Cyclic trinuclear complexes (CTCs) with d10 metals are well known for their characteristic M3NxC6−x (M = Au, Ag, or Cu; x = 0, 3, or 6) nine-membered ring and corresponding π-acidity/basicity, and metal–metal interactions (metallophilicity) which play essential roles in photoluminescence (PL) and other properties.28,29 In cooperation with other supramolecular interactions (non-covalent interactions),30 such stimuli-responsive luminescence has often been reported in the CTC family, including piezochromism,31 thermochromism,32–34 solvatochromism, and concentration luminochromism.35 In previous studies, phosphorescence of organic chromophores could be triggered at cryogenic temperatures or even at rt, after forming CTC/organic adducts or if directly serving as ligands.28,36,37 Such luminescence, termed “metal-sensitized phosphorescence”, is attributed to the enhanced intersystem crossing (ISC) rate from singlet excited states to triplet states mediated by an external heavy-atom effect (e.g., Au, Ag, Cu and Hg).38,39 In this way, it is proposed that the external isotropic pressure can enforce the interactions between CTCs and organic chromophores, resulting in alteration of electronic structures of the emission centre and triggering the PIPE. As far as is known, investigations of the luminescence behaviour of such organic chromophore-CTC adducts under high pressure have rarely been reported.

In this work, a carbazole-based Cu(I) CTC (1) was designed by linking classic organic chromophore carbazole40 (Cz) and Cu3Pz3 CTCs (Cu3 Pz: pyrazolate) with a non-conjugated flexible n-butyl chain. Two crystalline polymorphs, denoted as 1a and 1b, are obtained and exhibit two different stacking models leading to the formation of [CzCu3Cu3Cz] excimers and Cz excimer/aggregator, respectively (Scheme 1). Therefore, metal-sensitized phosphorescence and the ligand-dominated luminescence are observed for 1a and 1b, respectively. Furthermore, 1a shows an unprecedented PIPE phenomenon, which has never been reported in piezochromic materials, and 1b exhibits conventional carbazole characteristic piezochromic luminescence with a good linear relationship of intensity versus external pressure.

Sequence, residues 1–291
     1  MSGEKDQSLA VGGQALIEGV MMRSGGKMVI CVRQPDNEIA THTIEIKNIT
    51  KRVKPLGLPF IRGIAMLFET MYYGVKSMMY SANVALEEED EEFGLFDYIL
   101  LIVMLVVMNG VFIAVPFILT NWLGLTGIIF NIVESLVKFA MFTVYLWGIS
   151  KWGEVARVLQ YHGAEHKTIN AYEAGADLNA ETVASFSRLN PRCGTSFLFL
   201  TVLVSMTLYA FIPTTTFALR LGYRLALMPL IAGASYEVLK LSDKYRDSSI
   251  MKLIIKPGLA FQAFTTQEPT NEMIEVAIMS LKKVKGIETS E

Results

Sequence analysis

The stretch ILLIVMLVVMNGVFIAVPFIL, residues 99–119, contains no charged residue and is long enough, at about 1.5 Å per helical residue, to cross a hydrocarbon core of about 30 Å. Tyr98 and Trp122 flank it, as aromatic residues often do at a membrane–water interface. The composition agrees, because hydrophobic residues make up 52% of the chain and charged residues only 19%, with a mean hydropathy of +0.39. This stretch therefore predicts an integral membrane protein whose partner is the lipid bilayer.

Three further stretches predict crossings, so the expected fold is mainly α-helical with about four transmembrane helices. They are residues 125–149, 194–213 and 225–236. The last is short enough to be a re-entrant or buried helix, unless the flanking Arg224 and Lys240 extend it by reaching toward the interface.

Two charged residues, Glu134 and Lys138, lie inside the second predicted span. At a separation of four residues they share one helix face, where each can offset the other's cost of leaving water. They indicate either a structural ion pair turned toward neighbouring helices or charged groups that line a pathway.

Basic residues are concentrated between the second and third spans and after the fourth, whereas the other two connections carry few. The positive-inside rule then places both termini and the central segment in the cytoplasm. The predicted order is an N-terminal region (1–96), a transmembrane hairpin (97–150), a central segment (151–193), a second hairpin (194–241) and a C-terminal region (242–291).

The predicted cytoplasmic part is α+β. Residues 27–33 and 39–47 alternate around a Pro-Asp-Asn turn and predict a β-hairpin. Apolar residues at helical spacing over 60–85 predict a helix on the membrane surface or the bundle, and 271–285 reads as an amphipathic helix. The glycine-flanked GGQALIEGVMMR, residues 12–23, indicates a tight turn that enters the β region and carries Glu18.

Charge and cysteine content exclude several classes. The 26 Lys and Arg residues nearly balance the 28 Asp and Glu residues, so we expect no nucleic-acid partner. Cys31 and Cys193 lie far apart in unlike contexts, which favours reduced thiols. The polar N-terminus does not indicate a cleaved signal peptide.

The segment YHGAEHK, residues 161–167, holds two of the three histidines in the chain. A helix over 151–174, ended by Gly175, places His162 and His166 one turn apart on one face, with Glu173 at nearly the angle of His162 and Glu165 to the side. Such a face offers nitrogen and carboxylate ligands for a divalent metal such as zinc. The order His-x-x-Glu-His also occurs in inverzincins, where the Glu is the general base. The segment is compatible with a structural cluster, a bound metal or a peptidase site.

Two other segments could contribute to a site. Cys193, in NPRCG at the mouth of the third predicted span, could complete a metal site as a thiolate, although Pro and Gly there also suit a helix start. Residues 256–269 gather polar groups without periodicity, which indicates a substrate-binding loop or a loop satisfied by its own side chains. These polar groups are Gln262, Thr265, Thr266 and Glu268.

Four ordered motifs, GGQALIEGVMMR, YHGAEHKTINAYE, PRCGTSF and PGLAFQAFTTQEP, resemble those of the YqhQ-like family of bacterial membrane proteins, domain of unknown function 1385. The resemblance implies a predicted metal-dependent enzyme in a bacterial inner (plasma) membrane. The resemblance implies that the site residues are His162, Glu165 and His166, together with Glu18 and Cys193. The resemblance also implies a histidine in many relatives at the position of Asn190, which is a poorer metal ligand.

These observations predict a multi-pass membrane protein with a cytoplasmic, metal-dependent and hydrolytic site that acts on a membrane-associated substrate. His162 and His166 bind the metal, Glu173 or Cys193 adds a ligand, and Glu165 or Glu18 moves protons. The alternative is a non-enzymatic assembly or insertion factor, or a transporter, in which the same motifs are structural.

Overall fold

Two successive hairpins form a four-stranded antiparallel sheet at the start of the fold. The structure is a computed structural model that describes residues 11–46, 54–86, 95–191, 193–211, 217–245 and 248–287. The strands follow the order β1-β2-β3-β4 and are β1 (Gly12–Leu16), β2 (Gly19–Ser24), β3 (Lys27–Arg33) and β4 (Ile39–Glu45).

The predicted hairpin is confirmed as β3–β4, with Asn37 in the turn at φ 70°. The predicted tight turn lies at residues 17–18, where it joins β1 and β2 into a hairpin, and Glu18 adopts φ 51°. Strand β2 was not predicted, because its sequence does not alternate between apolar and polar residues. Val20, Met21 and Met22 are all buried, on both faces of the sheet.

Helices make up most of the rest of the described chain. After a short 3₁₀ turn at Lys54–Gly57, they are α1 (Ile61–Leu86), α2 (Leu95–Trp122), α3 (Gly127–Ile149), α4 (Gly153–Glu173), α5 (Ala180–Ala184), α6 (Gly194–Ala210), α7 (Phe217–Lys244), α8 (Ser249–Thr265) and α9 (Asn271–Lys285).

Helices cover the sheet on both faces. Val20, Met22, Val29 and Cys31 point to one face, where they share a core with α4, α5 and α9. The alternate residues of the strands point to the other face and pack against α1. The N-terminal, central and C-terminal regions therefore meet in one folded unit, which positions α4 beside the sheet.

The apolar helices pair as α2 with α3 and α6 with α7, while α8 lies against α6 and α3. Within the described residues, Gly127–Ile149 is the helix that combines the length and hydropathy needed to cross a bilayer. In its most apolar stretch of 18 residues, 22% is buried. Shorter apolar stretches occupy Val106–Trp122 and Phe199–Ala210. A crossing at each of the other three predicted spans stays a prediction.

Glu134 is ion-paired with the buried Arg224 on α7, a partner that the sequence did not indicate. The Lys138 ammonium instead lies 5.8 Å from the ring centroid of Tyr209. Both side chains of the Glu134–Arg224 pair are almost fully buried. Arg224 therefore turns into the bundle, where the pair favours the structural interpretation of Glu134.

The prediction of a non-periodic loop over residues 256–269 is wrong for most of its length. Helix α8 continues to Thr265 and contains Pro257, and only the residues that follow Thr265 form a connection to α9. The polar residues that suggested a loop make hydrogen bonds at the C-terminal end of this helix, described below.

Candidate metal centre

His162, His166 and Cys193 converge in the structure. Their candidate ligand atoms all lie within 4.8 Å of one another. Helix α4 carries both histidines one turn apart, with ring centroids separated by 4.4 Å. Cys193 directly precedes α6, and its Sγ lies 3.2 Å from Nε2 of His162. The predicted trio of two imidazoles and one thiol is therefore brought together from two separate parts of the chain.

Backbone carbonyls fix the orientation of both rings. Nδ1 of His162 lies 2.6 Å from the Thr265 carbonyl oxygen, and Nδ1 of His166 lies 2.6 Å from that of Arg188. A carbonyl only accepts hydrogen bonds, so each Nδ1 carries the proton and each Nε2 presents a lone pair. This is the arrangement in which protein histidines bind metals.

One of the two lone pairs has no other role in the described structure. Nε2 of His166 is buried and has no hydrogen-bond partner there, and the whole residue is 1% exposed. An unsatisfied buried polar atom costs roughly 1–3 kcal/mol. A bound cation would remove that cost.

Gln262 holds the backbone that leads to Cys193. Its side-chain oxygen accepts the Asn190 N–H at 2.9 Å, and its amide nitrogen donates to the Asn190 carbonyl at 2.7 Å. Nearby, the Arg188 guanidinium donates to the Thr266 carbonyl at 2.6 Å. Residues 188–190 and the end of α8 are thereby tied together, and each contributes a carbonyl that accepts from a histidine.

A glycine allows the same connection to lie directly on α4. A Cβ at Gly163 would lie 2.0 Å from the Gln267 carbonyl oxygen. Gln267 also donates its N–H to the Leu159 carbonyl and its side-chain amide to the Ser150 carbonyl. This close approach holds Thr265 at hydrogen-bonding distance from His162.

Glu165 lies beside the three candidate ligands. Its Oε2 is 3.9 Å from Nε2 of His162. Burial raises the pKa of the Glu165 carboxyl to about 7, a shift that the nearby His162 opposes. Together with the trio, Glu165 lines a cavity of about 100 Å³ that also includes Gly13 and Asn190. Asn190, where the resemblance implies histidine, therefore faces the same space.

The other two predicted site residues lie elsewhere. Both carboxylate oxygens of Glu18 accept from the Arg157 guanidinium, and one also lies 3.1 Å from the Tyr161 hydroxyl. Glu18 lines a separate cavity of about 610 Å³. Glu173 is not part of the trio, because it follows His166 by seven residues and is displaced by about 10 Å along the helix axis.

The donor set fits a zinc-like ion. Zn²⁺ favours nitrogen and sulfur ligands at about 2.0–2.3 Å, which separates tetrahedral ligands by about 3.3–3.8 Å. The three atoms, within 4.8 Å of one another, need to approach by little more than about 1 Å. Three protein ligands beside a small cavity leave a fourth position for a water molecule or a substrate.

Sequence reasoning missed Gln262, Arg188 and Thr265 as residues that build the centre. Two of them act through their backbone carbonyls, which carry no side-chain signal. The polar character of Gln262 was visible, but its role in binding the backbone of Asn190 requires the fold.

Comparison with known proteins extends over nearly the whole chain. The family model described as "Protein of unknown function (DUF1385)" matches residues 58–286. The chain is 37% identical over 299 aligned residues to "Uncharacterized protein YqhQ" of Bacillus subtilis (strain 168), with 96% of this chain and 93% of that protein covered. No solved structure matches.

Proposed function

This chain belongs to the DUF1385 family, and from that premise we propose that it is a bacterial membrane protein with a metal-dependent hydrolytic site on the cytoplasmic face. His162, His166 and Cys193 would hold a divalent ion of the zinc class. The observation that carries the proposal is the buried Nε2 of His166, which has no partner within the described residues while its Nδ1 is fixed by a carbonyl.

image file: d0sc07058k-s1.tif
Scheme 1 A schematic representation showing the molecular stacking of two crystalline polymorphs 1a and 1b, and the formation of the Cu3Pz3 CTC CzCu3Cu3Cz excimer and carbazole (Cz) excimer with an increase in pressure.

Results and discussion

The yellow block-shaped crystals of 1a, or colourless fibrous crystals of 1b were obtained by mixing 9-(4-(3,5-dimethyl-1H-pyrazol-4-yl)butyl)-carbazole ligand (HL) and Cu2O in anhydrous ethanol or ethanol/water under solvothermal conditions (see ESI for further details). The freshly synthesized single-crystal samples of 1a and 1b were characterized by powder X-ray diffraction (PXRD) and infrared (IR) spectroscopy, confirming their phase purity (Fig. S7 and S8, ESI). The single X-ray crystallographic analysis of 1a and 1b revealed that both featured the nine-membered Cu3N6 CTC composed of Cu3 units and Cz motifs (Fig. 1a and 2a).
image file: d0sc07058k-f1.tif
Fig. 1 (a) The crystal packing of 1a at 100 K, showing discrete CzCu3Cu3Cz stacking (Cu: brown, C: grey, and N: blue, H atoms are omitted for clarity). Emission spectra of 1a at a range of external pressures from (b) 1 atm–2.23 GPa and (d) 2.23–12.16 GPa at an excitation wavelength of 355 nm. The curve fitting [function: y = A1 × exp(−x/t1) + y0, R2 = 99.32%] and linear fitting [function: y = A0 + kx, R2 = 96.39%] of pressure and PL intensity for 1a in pressure ranges of (c) 1 atm–2.23 GPa and (e) 2.23–12.16 GPa (insets of (c) and (e): PL photographs at representative pressure points).